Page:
WPPA Celebrates Police Memorial’s Decision To Honor Sebena

(MADISON, Wis.) –The Wisconsin Professional Police Association (WPPA) today applauded the decision by the National Law Enforcement Officers Memorial Fund (NLEOMF) to honor slain Wauwatosa police officer Jennifer Sebena. The state’s largest law enforcement group, the WPPA has been spearheading the effort to have the police memorial honor Sebena, who was killed while on duty in the early morning hours of Christmas Eve in 2012. Her husband has been charged with her murder.

“Law enforcement officers and others from across the country have made their support of Jennifer Sebena known loud and clear,” said the WPPA’s executive director, Jim Palmer. “They all recognize that Jen’s service and sacrifice deserves the honor of being included on the national police memorial, and we very pleased and grateful that their voices have been heard.”

After hearing two weeks ago from outraged officers from across the state who had learned that the memorial was not going to honor Sebena, the WPPA initiated a public campaign to get her name added to the memorial. On March 21, the police memorial’s board of directors announced its decision to delay further consideration of the matter until 2014. Only days later, after police groups from other states, domestic violence organizations, and elected officials like U.S. Senator Tammy Baldwin and Governor Scott Walker all spoke out in support of Sebena, the memorial announced that it would meet again today for the sole purpose of deciding whether to honor her death. Last Friday, one of the groups represented on the memorial board, the National Association of Police Organizations (NAPO), designated the WPPA’s Palmer to act on its behalf in today’s meeting.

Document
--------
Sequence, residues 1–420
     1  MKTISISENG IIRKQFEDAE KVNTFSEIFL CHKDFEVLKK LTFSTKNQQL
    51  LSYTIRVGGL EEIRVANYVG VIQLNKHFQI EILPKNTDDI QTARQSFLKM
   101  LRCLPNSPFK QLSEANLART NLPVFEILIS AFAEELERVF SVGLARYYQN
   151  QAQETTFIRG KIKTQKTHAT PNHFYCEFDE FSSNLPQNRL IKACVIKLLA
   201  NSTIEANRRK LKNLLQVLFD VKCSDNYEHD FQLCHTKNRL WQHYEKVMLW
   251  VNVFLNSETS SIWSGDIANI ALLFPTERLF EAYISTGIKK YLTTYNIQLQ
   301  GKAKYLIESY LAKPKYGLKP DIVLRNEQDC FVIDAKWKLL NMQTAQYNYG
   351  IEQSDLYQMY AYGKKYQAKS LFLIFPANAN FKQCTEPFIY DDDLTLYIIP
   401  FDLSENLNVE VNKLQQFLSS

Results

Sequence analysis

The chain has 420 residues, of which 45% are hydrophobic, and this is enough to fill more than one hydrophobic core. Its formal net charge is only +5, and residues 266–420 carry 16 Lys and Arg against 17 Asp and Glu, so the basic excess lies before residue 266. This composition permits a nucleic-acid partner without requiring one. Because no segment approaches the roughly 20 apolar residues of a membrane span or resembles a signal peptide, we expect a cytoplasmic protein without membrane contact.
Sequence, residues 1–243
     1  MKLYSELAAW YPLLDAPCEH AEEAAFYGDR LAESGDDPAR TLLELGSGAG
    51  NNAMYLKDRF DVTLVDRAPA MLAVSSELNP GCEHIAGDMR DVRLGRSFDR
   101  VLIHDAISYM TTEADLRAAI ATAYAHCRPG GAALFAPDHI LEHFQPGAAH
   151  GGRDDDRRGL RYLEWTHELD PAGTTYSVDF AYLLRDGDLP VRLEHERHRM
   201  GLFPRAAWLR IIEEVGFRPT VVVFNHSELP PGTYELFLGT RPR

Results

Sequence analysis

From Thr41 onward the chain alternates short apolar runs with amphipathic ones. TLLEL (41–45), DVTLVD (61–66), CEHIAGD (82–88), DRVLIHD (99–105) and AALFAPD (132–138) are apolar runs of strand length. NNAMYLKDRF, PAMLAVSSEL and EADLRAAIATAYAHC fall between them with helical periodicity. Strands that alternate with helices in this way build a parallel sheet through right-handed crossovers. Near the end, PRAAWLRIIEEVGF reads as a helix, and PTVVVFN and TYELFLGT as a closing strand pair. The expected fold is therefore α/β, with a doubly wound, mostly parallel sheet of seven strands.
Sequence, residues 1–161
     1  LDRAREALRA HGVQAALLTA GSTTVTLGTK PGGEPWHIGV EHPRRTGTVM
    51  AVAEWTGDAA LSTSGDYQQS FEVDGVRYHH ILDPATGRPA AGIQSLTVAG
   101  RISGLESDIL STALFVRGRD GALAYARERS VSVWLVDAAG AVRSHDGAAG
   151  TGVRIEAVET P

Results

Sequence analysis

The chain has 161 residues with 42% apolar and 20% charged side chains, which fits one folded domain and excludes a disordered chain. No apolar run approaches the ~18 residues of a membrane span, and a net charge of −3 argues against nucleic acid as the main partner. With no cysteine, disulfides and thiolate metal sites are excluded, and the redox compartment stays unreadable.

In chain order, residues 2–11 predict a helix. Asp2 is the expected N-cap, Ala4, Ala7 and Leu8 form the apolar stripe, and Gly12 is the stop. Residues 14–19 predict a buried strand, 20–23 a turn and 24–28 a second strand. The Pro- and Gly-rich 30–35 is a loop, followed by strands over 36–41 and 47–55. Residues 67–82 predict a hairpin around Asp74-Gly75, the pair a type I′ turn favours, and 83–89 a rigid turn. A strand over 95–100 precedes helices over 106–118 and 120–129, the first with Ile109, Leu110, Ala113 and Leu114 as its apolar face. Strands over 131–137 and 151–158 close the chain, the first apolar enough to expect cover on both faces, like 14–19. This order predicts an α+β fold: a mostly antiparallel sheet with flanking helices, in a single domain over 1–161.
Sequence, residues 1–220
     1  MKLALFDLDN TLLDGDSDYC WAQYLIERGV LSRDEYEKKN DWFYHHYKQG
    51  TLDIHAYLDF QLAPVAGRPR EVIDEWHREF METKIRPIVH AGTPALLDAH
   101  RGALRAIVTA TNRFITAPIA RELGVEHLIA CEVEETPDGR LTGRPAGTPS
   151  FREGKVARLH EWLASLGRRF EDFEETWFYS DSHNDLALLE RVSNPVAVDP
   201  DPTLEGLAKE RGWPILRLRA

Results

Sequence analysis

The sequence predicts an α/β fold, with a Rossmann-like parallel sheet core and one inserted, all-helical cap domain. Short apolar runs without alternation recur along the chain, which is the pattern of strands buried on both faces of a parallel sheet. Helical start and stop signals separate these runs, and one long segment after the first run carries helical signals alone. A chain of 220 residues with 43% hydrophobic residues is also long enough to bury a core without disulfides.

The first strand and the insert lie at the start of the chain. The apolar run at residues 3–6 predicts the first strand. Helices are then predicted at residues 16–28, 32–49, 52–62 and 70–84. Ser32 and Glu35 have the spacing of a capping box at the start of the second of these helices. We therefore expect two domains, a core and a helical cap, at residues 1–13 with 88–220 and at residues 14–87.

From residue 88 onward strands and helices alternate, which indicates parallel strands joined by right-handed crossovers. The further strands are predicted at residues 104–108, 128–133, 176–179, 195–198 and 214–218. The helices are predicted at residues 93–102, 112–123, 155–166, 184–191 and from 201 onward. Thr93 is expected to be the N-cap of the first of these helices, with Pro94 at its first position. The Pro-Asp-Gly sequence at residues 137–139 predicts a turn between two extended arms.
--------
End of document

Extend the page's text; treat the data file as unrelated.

“The national police memorial board has a difficult task in considering tragic cases like Jen’s every year, and they should be applauded for making the right decision today,” continued Palmer. “I am grateful to have had the opportunity to advocate on Jen’s behalf, and to encourage the memorial to explore ways to avoid this kind of issue in the future.”

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